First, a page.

• This is a method implemented within OpenStep framework. It has nothing to do with WIN32 and SendMessage. See my another reply for a short description of what the method does.

    Regards, Leo

    Wednesday, April 10, 2013 7:16 PM
  • As far as unmanaged C/C++ is concerned bridging the gap as you have shown SHOULD work.

    I suspect strongly that your problem has NOTHING to do with the managed part and EVERYTHING to do with the unmanaged (Obj C) parts of your program.

    What is the value in "length?"   Do you have any indication (i.e., did you set it to zero first or such) that the function actually wrote into it?    What is in the memory value that is returned by that function?   Does the debugger show there's anything there or did it return 0 or some invalid address?

    You're really giving us NOTHING to go on here.


    • Edited by Ron Natalie Wednesday, April 10, 2013 7:30 PM
    Wednesday, April 10, 2013 7:30 PM
  • Hi,

    As far as I know, the value or function in another language is meaningless for another language.

    For example, we can not call a native C++ function directly in .net environment. So far, we have many solution to call a native function in .net, like p/inovke, Com, CLI/C++. It looks very easy, but behind the codes, the complier did lots of work.

    Therefore, maybe you need more work to call a CLI/C++ function in Objective -C, because the complier will not help you to do this. First, we should make sure, Objective-C can call a native DLL in Win32, then make sure that Objective-C can call a .NET dll in Win32. Based on the two prerequisites, we can call a CLI/C++ dll. Because it mixed .NET and native.
     
    Best regards,
    Jesse


    Jesse Jiang
    MSDN Community Support | Feedback to us
    Develop and promote your apps in Windows Store
    Please remember to mark the replies as answers if they help and unmark them if they provide no help.

    • Marked as answer by Elegentin Xie Wednesday, May 8, 2013 2:54 AM
    Thursday, April 11, 2013 5:55 AM
  • Hello Jiang,

    Our product has a lot of interop between C/C++ libraries that are compiled in Microsoft Visual C.

    Most of interop goes from C/C++ toward ObjC (calling various methods). Providing (already) allocated buffer in either direction works fine. Buffer is always allocated on CRT heap (not managed). I expect that a problem here is that I am passing a CRT buffer allocated (on process heap) by binary of ObjC doesn't work when processed in managed code.

    I will try to split a code to have unmanaged part which will process the pointer. I will write my findings here.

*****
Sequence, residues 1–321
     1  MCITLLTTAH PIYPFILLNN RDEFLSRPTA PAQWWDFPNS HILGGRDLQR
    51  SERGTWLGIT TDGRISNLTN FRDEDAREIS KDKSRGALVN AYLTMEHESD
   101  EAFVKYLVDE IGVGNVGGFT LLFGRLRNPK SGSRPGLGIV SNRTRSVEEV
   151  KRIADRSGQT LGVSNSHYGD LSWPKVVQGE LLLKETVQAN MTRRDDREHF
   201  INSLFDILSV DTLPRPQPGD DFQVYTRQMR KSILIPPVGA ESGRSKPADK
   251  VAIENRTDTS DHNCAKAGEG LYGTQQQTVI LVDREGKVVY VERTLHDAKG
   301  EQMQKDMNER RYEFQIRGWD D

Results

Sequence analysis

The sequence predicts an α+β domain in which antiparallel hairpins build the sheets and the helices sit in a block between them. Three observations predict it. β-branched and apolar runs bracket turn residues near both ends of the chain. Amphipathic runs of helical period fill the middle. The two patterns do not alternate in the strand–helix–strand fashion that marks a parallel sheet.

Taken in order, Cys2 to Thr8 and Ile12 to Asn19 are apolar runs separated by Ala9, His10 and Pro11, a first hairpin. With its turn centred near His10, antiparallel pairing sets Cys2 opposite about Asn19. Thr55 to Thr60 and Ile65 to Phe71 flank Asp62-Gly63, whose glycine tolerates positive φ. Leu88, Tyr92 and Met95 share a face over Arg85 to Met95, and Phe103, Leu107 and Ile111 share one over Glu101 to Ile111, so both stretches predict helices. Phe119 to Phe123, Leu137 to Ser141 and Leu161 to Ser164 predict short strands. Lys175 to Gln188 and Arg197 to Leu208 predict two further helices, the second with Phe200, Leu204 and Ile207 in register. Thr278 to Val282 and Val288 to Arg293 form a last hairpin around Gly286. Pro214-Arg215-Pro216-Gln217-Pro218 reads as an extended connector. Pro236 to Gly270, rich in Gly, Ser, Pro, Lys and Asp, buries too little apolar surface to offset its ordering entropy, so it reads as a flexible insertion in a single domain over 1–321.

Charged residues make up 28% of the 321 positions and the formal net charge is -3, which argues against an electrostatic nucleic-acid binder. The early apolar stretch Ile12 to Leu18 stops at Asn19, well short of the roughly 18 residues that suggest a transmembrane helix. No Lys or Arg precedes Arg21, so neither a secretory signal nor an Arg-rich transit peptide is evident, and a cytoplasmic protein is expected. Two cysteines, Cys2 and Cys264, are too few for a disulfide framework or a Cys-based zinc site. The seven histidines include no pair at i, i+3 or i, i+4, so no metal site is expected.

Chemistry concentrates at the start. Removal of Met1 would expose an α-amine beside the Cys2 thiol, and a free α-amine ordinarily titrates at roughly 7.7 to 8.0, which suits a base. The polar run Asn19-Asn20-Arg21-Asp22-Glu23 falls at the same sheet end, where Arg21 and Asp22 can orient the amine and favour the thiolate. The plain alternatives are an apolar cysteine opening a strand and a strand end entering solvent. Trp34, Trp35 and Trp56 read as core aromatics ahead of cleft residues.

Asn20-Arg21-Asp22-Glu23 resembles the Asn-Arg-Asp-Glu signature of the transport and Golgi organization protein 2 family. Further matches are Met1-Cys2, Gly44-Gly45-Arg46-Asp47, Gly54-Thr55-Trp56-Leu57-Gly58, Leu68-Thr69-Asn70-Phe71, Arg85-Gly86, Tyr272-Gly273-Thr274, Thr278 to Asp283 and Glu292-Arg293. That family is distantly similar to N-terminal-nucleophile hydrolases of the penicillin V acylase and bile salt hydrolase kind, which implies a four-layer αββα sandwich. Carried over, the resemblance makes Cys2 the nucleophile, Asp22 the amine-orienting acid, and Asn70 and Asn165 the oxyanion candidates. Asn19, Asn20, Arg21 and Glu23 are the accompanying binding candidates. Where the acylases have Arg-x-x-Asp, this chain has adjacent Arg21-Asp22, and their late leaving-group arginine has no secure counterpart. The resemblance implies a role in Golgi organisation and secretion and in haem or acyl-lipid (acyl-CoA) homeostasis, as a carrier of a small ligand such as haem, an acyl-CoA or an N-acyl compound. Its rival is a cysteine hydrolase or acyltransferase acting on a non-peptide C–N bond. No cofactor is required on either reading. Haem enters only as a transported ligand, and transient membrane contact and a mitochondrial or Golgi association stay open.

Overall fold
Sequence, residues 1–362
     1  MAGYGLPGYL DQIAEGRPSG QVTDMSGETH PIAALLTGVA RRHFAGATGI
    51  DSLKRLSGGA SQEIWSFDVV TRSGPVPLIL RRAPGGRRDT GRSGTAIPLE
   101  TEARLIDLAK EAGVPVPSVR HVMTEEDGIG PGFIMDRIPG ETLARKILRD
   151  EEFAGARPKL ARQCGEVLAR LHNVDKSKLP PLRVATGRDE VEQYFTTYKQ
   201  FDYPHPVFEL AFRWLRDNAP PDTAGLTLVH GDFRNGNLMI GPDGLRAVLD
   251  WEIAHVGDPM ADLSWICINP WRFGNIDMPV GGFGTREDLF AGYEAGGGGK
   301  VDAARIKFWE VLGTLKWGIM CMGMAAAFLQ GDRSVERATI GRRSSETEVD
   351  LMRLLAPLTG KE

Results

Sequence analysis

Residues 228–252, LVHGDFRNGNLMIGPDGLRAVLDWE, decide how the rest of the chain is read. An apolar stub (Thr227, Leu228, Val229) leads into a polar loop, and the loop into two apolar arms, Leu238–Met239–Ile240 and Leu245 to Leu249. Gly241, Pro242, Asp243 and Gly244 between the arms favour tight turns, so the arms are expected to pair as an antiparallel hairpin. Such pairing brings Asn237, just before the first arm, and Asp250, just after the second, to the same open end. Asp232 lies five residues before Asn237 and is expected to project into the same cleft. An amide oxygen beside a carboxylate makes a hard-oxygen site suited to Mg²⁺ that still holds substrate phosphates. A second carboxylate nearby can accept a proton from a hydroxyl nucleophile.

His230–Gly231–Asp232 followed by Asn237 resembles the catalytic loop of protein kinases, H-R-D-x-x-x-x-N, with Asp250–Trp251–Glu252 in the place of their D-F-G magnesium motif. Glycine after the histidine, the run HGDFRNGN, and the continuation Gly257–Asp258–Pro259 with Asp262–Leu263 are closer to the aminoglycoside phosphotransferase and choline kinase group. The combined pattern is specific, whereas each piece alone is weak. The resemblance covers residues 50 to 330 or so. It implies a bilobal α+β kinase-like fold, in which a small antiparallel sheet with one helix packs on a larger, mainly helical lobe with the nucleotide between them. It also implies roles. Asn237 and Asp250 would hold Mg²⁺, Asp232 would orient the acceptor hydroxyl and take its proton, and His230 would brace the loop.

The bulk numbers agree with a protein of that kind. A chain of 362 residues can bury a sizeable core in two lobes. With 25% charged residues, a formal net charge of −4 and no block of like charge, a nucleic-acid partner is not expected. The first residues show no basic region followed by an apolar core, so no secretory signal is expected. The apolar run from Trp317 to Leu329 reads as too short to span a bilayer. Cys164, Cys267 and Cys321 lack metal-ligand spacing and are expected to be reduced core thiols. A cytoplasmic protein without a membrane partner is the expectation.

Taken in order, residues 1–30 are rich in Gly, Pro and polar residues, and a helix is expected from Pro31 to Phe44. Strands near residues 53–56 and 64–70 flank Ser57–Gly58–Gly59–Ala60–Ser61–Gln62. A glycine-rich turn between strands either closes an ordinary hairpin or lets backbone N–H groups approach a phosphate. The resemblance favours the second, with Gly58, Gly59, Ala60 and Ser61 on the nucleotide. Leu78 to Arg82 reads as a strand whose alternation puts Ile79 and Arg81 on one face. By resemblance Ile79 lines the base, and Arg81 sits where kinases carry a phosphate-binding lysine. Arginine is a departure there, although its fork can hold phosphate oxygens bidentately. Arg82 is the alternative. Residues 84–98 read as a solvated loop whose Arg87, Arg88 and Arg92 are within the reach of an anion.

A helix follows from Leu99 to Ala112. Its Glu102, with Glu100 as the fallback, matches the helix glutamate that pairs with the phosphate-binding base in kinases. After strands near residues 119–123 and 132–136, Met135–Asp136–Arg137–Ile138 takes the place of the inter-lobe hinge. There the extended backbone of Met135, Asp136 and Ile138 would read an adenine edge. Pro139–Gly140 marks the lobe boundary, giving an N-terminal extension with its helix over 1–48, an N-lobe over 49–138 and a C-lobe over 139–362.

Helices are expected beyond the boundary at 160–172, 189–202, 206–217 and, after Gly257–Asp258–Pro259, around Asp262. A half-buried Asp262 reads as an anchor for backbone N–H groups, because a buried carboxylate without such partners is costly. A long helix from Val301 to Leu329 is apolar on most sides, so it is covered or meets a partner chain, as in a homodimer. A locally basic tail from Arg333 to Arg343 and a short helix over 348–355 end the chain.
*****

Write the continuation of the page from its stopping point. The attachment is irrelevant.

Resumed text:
Regards, Leo

    Thursday, April 11, 2013 6:32 AM
  • Objective C is just a preprocessor that yields C.   The buffer should work just like the unmanaged C code that it is.   The returned information is either just allocated in free store with malloc() or it's allocated via malloc() and Objective C's internal garbage collector.    This was why I asked about it being "retained" which is Objective C-speak for keeping a reference to the allocated object so the garbage collector doesn't free it.    However, that I suspect is a red herring, even if not retained, the buffer should still have some data in it (even if it isn't anymore the right data).     I'm still expecting that the pointer value returned doesn't point to any sort of memory (it's either 0 or garbage).

    Thursday, April 11, 2013 11:13 AM
  • Hello Ron,

    I had already published a short version of the function implementation.

    It just malloc`ates a buffer of the size that NSInvocation defines to be the size of the return value and copies into it the return value stored in the NSInvocation object. Then the buffer is returned.

    Nothing sophisticated. Otherwise, I wouldn't ask the question.


    Regards, Leo

    Thursday, April 11, 2013 6:56 PM
  • Not in this thread you didn't.   You still have't indicated in the debugger if the memory dump at the location that appears to be the return value of that function is valid memory.    
    Friday, April 12, 2013 9:42 PM
  • Hello,

    I have to say that expecting closely the ObjC code that fills the allocated pointer, I have found a line the overwrites the pointer with invalid data. Due some unclear reason it crashed in C++/CLI library code and not in ObjC and somehow I missed this invalid line.

    After a crash had happened in ObjC I found it at once. :(

    Thank you for everyone for your patience and endless attempts to direct me to the right place.


    Regards, Leo

    • Proposed as answer by Jesse Jiang Monday, April 15, 2013 6:45 AM
    • Marked as answer by Minherz Tuesday, April 16, 2013 6:35 AM
    Sunday, April 14, 2013 5:46 AM